Format: DVD from NetFlix on rockin’ flatscreen.
This is the ninth in a series of twelve movies suggested by Chip Lary.
Chip and I had different tastes in movies, as is evidenced by the fact that we sometimes didn’t like a movie that the other person selected. This year has had a few close calls for me on Chip’s films, but nothing that slid below the “3 stars = like” criterion I use on Letterboxd. Well, there’s a first time for everything, and Ruby Sparks is that first time. I went into this expecting something very different than I got, because what I got was a clunky, mean-spirited version of the rather charming Stranger than Fiction.
Calvin Weir-Fields (Paul Dano) was a writing phenom who took the book world by storm at the tender age of 19. Since that time, and after great acclaim and endless groupies, Calvin’s output has been a few short stories and a long chunk of writer’s block. Calvin also struggles on the personal front. His introverted nature keeps him from developing new relationships and his relationships with women tend to be more about sex with fans, who see him as an idealized version of himself instead of as the person he really is.
His therapist (Elliott Gould) suggests that he do a writing exercise—he should write about someone who likes his dog Scotty. Calvin dreams up a girl named Ruby Sparks and starts writing about her. As he writes, he becomes more or less infatuated with his creation, essentially falling in love with her Pygmalion-like. And then, since this is a movie, Ruby Sparks (Zoe Kazan) materializes in his apartment, becoming a real person as Calvin has written her. Every bit of backstory, every quirk and habit is present in the real Ruby.
It takes Calvin a little while to figure out that Ruby is a real person. It takes even longer for him to convince his brother Harry (Chris Messina), which he does by typing things about Ruby and seeing them manifest in her. Determining that he is in love with his creation, Calvin declares that he will never write about Ruby again. Ruby, at this point, is still sort of under Calvin’s control, but since he is no longer directing her with his writing, she starts to pull away from him emotionally. Upset by this, Calvin goes back to writing about Ruby, changing her personality.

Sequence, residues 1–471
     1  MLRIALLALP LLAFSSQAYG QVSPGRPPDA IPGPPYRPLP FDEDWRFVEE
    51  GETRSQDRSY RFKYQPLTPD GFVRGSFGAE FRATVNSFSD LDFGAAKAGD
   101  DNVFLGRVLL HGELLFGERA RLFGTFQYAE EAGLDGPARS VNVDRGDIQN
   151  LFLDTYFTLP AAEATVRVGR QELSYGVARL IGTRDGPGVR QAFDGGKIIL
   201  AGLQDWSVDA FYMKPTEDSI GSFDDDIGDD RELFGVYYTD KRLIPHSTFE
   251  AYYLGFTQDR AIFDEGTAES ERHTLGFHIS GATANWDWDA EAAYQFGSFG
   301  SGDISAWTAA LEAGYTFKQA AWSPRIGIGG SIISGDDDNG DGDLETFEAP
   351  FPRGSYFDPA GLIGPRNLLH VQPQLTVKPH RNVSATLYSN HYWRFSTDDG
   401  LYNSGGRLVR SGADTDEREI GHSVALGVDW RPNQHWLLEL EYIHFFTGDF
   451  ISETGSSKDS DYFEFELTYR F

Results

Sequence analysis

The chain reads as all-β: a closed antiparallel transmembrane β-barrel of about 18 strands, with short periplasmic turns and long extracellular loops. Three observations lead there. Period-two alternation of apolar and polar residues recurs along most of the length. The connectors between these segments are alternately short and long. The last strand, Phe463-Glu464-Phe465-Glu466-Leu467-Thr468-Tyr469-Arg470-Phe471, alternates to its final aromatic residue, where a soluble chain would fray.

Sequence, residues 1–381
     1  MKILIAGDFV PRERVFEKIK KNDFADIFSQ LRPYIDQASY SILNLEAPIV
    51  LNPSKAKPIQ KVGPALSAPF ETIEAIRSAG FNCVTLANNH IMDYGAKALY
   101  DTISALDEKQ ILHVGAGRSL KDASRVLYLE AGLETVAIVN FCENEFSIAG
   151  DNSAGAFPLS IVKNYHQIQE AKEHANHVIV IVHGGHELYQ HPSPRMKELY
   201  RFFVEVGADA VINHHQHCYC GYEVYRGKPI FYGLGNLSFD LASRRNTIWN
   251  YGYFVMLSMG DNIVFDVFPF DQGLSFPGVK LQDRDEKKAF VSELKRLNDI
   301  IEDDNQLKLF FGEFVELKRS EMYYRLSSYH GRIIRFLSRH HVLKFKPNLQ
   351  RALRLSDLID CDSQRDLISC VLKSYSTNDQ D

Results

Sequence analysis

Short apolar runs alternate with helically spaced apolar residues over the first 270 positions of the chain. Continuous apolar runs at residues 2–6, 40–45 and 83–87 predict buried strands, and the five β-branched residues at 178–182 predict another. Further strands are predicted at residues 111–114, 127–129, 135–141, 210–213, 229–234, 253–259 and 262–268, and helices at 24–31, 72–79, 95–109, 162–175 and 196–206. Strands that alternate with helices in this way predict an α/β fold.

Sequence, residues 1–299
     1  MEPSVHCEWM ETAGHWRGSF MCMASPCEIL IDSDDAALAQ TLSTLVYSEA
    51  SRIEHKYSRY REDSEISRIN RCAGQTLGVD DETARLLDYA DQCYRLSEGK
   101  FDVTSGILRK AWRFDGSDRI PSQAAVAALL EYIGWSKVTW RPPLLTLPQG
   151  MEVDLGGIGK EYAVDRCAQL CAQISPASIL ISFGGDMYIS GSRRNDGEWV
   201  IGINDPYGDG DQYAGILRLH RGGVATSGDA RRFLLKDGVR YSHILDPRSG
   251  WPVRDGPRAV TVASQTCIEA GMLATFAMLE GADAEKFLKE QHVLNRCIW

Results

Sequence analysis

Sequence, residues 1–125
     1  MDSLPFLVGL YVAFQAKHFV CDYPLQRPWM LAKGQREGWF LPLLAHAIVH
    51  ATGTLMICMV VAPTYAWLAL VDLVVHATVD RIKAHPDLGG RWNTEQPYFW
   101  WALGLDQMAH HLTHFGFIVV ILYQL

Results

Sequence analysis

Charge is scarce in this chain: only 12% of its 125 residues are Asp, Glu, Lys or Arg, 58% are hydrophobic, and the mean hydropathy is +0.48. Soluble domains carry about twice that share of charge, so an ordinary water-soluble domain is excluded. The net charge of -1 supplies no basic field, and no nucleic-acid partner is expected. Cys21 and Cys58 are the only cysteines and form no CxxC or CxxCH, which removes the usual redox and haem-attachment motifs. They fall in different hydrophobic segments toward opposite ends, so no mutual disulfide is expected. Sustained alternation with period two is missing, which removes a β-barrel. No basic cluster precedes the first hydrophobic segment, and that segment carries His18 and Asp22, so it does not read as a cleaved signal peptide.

The main selling point of Ruby Sparks is the magical realism of the story. In a lot of cases, that would be a significant sell, but in this case, it’s a story that’s been seen and told before. If nothing else, this is a newer version of Stranger than Fiction with almost all of the charm removed. We’ll get back to this comparison soon enough. Even without that, though, this is merely an updated version of the classic Pygmalion story of a man who falls in love with his creation and has it come to life.
But, in the modern context, this is almost literally a gender-swapped Stranger than Fiction, but not nearly as entertaining or as charming. Stranger than Fiction works because we come to genuinely care about all of the characters in the drama. We want the writer to find her muse again and get out of her writers block. But, at the same time, we know that this may cause her to kill off the character that we’ve come to like over the course of the story. None of that is present in Ruby Sparks. None of these characters are likeable in any respect. Calvin, who I think is supposed to be sympathetic, is merely pathetic. He’s enough of a poseur that he uses a typewriter until the final few minutes of the movie, when he upgrades to a Mac. He’s completely self-absorbed and his brother is reprehensible. Even his hippie mother (Annette Benning) and her Bohemian boyfriend (Antonio Banderas) aren’t that interesting.
All of this could be forgiven if Ruby was at all an interesting character. She’s not. She’s mainly completely under the control of Calvin, making her horribly clingy, deliriously happy, or manic. When she’s not she’s simply unpleasant. She comes across as a manic pixie dream girl—minus the pixie and with the “dream” part being literal. And even then, she’s not someone I’d want to spend any time around.
I understand that a lot of people like Ruby Sparks, and in a way I’m a little surprised that I didn’t. I tend to like romances when they run to the darker side of things. A romance where I genuinely don’t care about the characters is right out, though. For a film that’s going to at least try to play with the heartstrings, I need to be invested in the characters. I couldn’t wait to get away from all of these people, and I genuinely didn’t care if Calvin and Ruby end up together or never see each other again.
It’s the first straight-up miss of the year for Chip’s list. It happens.
Why to watch Ruby Sparks: It’s a different take on Stranger than Fiction.
Why not to watch: It’s ultimately kind of mean-spirited.